PH (Potential of Hydrogen) is the measure of alkalinity or acidity in a substance. PH can range anywhere from 1 (highly acidic) to 14 (highly alkaline. Human hair and skin have a layer of salt/water/oil that is called the acid mantle. This wonderfully protective layer lives happily at a PH of 4.5 and is easily disrupted and washed away with anything that has a ph over 7 (neutral and the ph of water).

An inadequate hair product can disrupt the natural pH of the hair. If your haircare routine is too alkali your hair cuticles will stay open and your hair will be dry and brittle. But if you use pH balanced products, i.e. ones that are close to the natural pH of the hair (4.5 – 5.0) your hair cuticles will close properly which will result in healthy shiny hair. –

Learning about this put me on a deeper investigation to learn about PH and our hair. I discovered that though diluting baking soda can cause its PH to go down, it takes 20 cups of water to 1 Tbsp. of baking soda to make a ph of 9. That’s way to alkaline for our hair and will cause it to be extremely dry and brittle, breaking off everywhere. Robin from Thank Your Body shares her experience with us on the importance of PH balanced shampoo (or no-poo) and what she learned from one of her readers:

Using highly alkaline solutions on your hair (baking soda, bronners soaps, etc.) though it feels soft and manageable that is really the disulfide bonds in your internal hair structure being weakened by the alkaline solution… To then bring your hair down to it’s proper pH a acidic solution (apple cider vinegar) when using a alkalinic cleanser is used, this is called clarifying. This dual process is not healthy for your hair or your scalp. – Amanda, a TYB reader.

By far, the best education I received on the PH of hair (and even how hair works), was through the Structure of Hair series on Kimmaytube on Youtube. She managed to visually explain the structure of hair as well as discuss why PH balance is the key important factor in the hair care products that you use on your hair. If you want to easily understand your hair, you should watch these videos, they are amazing!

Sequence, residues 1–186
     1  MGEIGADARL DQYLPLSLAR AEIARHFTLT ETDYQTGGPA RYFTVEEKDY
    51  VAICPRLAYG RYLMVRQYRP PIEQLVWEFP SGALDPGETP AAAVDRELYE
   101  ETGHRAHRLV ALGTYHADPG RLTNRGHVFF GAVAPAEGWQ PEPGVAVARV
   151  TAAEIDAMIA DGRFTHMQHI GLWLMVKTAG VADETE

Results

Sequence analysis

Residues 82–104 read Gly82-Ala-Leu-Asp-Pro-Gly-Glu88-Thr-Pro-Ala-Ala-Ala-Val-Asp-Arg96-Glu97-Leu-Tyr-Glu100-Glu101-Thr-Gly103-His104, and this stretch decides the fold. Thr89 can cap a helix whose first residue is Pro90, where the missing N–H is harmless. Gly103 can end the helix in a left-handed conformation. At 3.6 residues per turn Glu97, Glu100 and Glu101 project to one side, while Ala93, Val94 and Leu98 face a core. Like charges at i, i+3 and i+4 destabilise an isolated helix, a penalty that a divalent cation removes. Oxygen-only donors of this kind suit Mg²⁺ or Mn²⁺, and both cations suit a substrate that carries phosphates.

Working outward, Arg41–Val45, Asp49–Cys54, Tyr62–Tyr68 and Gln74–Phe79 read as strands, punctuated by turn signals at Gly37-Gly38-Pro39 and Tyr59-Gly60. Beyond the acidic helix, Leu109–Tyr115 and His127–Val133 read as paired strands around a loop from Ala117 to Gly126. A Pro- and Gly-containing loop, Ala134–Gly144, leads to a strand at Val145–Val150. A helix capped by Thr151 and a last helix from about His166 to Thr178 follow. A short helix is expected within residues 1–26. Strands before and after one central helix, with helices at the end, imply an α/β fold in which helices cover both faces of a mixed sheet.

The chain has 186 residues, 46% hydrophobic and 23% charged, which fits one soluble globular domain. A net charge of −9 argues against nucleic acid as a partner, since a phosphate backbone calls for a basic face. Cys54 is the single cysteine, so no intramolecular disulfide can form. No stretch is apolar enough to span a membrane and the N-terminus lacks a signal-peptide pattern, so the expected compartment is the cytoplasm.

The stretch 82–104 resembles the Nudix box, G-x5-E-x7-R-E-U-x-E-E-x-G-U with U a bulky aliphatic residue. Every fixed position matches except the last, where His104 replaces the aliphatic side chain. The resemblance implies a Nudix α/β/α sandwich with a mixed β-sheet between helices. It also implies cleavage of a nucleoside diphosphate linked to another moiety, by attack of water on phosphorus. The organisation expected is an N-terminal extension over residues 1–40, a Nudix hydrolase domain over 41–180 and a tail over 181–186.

You can still No-Poo without baking soda

I am not hating on the no-poo method because, in fact, I LOVE it! I am just opening your eyes to something we all need to pay attention to when we go down the natural hippy path. Just because something is natural does NOT mean that it’s right for the job. Yes, baking soda is in fact, natural (although where you buy it from can dictate just how natural of a product it is.) but because of it’s natural properties, it makes a much better scour for your pots and pans than it does a cleanser for your hair.

Baking soda is not the only option you can choose from when going down the no-poo path. There are many options you can use to cleanse your hair!

Miss part of this hair care series?

The Dirty Hippy Truth About No-Poo & Why I Won’t Use Baking Soda on My Hair – Hippy Natural Hair Care Series Part 1

Natural No-Poo Cleansers For Healthy Hair – Hippy Natural Hair Care Series Part 2

Natural Hair Conditioners & Herbal Detangling Spray – Hippy Natural Hair Care Series Part 3

Natural Herbal Hair Color for Healthy Hair – Hippy Natural Hair Care Series Part 4

Herbal Academy Affordable Courses Online

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All information on The Hippy Homemaker is meant for educational and informational purposes only. The statements on this website have not been evaluated by the Food and Drug Administration. Products and/or information are not intended to diagnose, cure, treat, or prevent any disease. Readers are advised to do their own research and make decisions in partnership with their health care provider. If you are pregnant, nursing, have a medical condition or are taking any medication, please consult your physician.

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  • I don’t think it’s permanent, no, but I have heard of some people having to deal with it for 6 months or so before their hair and scalp finally fixed itself! I would buy some castor oil to add to whatever you decide to shampoo with next. Just a little bit should be fine, but it’s very well known at helping hair growth! Plus it’s super moisturizing too!

  • glad to help 🙂

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  • Jenn

    Your hair loss was more likely related to wearing a bun all the time than from baking soda and vinegar.

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  • what does your diet look like? If you have discontinued using alkaline solutions on your hair and the new growth is coming in all wrong, it’s more likely that you have a mineral or vitamin deficiency or even possibly something more serious that needs to be looked at by a doctor! Our sweat , skin, and hair can all give us clues to internal issues!

  • yes it did! It took time and frequent hair trimming to get the dead hair gone!

  • Iva